City council in Long Beach, California, USA voted last week unanimously to ban polystyrene (commonly known as Styrofoam) in restaurants. The vote was part of year’s-long process that will ban the use of polystyrene in restaurants or in other retail settings where ready-to-eat food is sold within the city, including food trucks.
Long Beach joins more than 100 other cities in California that regulate the use of the polystyrene to package food.
Polystyrene is an environmental pollutant and non-biodegradable substance commonly used as disposable foodservice cups, plates, and containers. Since polystyrene breaks into tiny pieces over time, it is now considered a main component of marine debris on beaches across the world.
"Foam containers get battered as they move through the storm drain system, the smaller bits slipping through filters into the ocean," writes Mariel Garza in the Los Angeles Times. "Unlike a littered plastic bag, which may fill with water and sink to the bottom of the sea, plastic foam is buoyant and breaks down into smaller and smaller bite-sized pieces. Also, plastic foam can absorb other chemicals present in the ocean. This poses a danger to marine life and sea birds that eat the 'microplastic' pieces in the water and on the shore, along with whatever pollutants they contain. It also poses a health risk to humans, as plastic has been found in the bodies of fish and shellfish caught for human consumption."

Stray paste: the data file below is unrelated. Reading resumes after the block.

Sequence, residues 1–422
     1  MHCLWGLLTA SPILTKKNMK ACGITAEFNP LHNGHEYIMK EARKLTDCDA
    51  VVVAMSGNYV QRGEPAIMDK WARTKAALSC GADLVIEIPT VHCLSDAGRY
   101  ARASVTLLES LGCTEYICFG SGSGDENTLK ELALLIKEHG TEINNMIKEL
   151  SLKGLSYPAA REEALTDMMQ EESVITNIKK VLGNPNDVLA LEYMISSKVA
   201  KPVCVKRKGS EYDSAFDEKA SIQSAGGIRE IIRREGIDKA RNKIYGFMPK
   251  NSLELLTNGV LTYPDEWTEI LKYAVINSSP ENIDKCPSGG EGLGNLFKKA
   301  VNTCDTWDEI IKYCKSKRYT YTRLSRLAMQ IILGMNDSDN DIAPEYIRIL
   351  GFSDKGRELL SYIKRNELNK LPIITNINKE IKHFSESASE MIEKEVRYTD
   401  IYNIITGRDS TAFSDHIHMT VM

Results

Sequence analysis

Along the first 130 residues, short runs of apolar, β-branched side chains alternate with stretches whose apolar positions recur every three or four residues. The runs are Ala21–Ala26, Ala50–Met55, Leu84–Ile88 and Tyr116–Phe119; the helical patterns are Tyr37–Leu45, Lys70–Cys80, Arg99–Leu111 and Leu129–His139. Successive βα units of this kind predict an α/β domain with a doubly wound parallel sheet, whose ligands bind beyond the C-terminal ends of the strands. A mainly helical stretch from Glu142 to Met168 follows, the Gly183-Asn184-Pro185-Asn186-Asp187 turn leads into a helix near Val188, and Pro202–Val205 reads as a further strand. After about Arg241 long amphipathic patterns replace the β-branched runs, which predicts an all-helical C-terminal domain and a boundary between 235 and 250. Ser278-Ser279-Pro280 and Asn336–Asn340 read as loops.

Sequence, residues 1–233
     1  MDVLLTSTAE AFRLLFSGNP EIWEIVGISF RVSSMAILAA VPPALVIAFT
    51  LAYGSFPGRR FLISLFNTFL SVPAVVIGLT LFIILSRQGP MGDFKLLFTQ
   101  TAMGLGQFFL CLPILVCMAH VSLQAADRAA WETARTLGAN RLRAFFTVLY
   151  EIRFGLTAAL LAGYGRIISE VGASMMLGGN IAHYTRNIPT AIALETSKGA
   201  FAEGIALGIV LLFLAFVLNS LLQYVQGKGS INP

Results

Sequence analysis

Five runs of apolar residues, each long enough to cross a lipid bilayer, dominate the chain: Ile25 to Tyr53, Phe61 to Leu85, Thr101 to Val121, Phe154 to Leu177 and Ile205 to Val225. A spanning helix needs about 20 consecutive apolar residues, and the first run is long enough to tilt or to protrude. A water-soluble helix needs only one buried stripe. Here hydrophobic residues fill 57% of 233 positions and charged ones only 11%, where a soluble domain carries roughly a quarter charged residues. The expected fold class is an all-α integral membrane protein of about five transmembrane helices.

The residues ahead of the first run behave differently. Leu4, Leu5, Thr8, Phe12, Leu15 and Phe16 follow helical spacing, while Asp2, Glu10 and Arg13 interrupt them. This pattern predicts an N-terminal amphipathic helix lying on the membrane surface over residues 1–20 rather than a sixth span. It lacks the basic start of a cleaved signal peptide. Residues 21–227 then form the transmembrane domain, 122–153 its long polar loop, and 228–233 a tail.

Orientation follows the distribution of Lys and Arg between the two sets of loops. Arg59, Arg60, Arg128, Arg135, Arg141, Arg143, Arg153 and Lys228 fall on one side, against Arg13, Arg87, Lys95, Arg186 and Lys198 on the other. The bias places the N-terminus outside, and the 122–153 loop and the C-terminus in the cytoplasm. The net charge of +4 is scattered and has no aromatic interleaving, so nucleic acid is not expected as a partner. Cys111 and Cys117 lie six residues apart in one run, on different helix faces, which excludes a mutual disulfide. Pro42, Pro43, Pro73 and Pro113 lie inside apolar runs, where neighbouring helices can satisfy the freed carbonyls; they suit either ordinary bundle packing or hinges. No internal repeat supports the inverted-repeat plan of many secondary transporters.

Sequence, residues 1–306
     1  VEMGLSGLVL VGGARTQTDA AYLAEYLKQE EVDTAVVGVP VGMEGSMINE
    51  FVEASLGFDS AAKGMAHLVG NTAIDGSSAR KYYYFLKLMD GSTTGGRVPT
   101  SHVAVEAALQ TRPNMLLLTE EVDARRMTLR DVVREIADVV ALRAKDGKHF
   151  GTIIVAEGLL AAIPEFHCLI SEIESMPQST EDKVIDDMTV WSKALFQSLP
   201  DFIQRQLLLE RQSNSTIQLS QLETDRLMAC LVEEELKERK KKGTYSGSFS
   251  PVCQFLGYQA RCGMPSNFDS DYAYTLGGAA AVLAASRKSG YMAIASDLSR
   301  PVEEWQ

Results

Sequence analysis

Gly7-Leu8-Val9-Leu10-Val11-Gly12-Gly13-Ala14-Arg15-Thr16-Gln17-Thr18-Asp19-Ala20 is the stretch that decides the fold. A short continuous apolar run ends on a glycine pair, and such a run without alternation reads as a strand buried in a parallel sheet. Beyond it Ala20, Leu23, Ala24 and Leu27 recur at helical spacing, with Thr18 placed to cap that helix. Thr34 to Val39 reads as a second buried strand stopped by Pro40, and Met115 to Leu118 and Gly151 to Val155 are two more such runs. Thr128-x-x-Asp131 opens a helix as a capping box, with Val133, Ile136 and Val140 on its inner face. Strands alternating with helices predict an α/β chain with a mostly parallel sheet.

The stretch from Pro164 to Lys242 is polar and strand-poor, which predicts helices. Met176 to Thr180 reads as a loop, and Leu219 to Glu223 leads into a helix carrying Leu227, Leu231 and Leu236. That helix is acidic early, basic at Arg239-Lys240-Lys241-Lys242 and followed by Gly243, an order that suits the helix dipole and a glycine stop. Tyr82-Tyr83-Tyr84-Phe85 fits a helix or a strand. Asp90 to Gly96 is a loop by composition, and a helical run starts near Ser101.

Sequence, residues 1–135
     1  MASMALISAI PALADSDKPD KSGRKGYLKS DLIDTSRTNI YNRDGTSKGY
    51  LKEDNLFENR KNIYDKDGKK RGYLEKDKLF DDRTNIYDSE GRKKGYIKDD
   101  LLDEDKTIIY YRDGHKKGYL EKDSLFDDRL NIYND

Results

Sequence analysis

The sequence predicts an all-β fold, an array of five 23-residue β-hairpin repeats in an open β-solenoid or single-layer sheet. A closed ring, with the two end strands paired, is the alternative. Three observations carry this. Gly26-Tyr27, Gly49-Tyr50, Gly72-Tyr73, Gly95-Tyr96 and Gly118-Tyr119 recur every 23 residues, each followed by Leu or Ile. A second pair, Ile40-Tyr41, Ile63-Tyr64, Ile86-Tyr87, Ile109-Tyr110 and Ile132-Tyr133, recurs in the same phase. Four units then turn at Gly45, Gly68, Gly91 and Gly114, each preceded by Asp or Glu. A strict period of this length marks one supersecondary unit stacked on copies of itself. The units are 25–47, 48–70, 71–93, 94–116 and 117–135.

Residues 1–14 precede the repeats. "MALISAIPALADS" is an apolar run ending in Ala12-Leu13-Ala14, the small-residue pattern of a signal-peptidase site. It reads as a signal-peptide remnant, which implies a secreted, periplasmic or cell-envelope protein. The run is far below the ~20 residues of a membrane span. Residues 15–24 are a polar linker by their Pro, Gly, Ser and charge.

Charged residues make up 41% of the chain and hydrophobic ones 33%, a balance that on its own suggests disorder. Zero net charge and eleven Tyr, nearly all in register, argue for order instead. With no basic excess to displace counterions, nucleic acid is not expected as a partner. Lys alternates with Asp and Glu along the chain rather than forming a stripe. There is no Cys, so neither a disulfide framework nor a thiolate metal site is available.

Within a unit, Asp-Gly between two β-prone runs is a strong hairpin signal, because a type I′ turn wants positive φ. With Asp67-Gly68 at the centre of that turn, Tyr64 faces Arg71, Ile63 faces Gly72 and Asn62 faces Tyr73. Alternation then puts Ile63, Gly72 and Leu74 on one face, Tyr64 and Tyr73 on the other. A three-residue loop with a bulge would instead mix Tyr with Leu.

According to PPC member organization 5 Gyres, Americans alone use more than 25 billion foam cups each year. Polystyrene and expanded polystyrene foam are plastics made from styrene, a known animal carcinogen that was found "reasonably anticipated to be a human carcinogen" by the National Toxicology Program and "probably carcinogenic to humans" by the International Agency for Research on Cancer, and was listed as a carcinogen under California's Proposition 65 in 2016.
Photo by 5 Gyres. Visit 5 Gyres #FoamFree Guide to learn more.